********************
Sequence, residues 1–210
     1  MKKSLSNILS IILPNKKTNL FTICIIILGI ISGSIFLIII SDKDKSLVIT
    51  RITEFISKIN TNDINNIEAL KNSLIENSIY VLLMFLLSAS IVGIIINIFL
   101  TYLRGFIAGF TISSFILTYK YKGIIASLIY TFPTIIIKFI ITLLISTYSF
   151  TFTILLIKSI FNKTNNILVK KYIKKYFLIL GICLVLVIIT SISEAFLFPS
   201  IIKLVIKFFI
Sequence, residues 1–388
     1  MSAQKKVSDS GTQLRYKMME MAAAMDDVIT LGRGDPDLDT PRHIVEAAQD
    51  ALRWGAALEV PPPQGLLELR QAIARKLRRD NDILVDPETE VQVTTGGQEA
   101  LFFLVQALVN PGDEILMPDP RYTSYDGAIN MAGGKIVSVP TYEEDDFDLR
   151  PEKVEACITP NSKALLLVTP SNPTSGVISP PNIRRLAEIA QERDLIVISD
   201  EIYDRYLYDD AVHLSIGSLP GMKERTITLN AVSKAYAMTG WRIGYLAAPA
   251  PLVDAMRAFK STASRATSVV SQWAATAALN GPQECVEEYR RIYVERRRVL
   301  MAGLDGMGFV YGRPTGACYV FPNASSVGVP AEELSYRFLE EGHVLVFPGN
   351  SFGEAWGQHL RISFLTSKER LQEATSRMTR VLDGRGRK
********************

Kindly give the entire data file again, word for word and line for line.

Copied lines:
Sequence, residues 1–210
     1  MKKSLSNILS IILPNKKTNL FTICIIILGI ISGSIFLIII SDKDKSLVIT
    51  RITEFISKIN TNDINNIEAL KNSLIENSIY VLLMFLLSAS IVGIIINIFL
   101  TYLRGFIAGF TISSFILTYK YKGIIASLIY TFPTIIIKFI ITLLISTYSF
   151  TFTILLIKSI FNKTNNILVK KYIKKYFLIL GICLVLVIIT SISEAFLFPS
   201  IIKLVIKFFI
Sequence, residues 1–388
     1  MSAQKKVSDS GTQLRYKMME MAAAMDDVIT LGRGDPDLDT PRHIVEAAQD
    51  ALRWGAALEV PPPQGLLELR QAIARKLRRD NDILVDPETE VQVTTGGQEA
   101  LFFLVQALVN PGDEILMPDP RYTSYDGAIN MAGGKIVSVP TYEEDDFDLR
   151  PEKVEACITP NSKALLLVTP SNPTSGVISP PNIRRLAEIA QERDLIVISD
   201  EIYDRYLYDD AVHLSIGSLP GMKERTITLN AVSKAYAMTG WRIGYLAAPA
   251  PLVDAMRAFK STASRATSVV SQWAATAALN GPQECVEEYR RIYVERRRVL
   301  MAGLDGMGFV YGRPTGACYV FPNASSVGVP AEELSYRFLE EGHVLVFPGN
   351  SFGEAWGQHL RISFLTSKER LQEATSRMTR VLDGRGRK